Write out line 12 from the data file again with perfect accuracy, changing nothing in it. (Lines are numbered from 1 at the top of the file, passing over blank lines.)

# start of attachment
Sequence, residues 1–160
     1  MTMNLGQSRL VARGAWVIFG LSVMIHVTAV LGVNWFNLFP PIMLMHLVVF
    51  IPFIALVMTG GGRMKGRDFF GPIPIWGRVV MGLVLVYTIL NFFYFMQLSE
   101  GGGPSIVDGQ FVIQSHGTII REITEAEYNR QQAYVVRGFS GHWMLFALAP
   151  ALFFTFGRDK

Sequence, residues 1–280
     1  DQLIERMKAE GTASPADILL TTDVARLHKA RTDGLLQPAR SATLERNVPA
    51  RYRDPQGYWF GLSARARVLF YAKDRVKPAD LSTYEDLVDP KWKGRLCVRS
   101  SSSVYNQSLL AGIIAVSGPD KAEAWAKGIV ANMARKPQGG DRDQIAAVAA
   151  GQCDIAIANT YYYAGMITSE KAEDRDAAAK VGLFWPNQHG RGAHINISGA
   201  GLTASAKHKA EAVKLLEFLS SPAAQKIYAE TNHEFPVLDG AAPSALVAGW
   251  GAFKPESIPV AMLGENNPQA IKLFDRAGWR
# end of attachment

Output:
   251  GAFKPESIPV AMLGENNPQA IKLFDRAGWR